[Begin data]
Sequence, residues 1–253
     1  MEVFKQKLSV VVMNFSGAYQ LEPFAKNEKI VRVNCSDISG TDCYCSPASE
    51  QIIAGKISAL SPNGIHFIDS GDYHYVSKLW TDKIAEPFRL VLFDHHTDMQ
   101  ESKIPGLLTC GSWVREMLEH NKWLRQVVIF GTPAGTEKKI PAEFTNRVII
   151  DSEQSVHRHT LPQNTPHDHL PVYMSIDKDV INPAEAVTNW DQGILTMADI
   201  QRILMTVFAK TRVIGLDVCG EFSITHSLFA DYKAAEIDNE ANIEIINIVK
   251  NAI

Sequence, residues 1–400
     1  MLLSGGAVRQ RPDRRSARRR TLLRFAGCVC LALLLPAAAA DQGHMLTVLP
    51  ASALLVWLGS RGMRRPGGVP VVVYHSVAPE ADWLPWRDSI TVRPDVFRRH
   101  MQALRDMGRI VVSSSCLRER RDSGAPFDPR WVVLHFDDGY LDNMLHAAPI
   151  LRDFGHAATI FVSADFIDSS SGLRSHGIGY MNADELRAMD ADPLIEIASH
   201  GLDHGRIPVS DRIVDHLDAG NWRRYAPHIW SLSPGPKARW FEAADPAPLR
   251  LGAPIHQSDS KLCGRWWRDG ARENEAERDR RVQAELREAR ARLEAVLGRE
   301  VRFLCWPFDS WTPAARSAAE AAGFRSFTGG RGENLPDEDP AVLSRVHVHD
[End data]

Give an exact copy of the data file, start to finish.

Sequence, residues 1–253
     1  MEVFKQKLSV VVMNFSGAYQ LEPFAKNEKI VRVNCSDISG TDCYCSPASE
    51  QIIAGKISAL SPNGIHFIDS GDYHYVSKLW TDKIAEPFRL VLFDHHTDMQ
   101  ESKIPGLLTC GSWVREMLEH NKWLRQVVIF GTPAGTEKKI PAEFTNRVII
   151  DSEQSVHRHT LPQNTPHDHL PVYMSIDKDV INPAEAVTNW DQGILTMADI
   201  QRILMTVFAK TRVIGLDVCG EFSITHSLFA DYKAAEIDNE ANIEIINIVK
   251  NAI

Sequence, residues 1–400
     1  MLLSGGAVRQ RPDRRSARRR TLLRFAGCVC LALLLPAAAA DQGHMLTVLP
    51  ASALLVWLGS RGMRRPGGVP VVVYHSVAPE ADWLPWRDSI TVRPDVFRRH
   101  MQALRDMGRI VVSSSCLRER RDSGAPFDPR WVVLHFDDGY LDNMLHAAPI
   151  LRDFGHAATI FVSADFIDSS SGLRSHGIGY MNADELRAMD ADPLIEIASH
   201  GLDHGRIPVS DRIVDHLDAG NWRRYAPHIW SLSPGPKARW FEAADPAPLR
   251  LGAPIHQSDS KLCGRWWRDG ARENEAERDR RVQAELREAR ARLEAVLGRE
   301  VRFLCWPFDS WTPAARSAAE AAGFRSFTGG RGENLPDEDP AVLSRVHVHD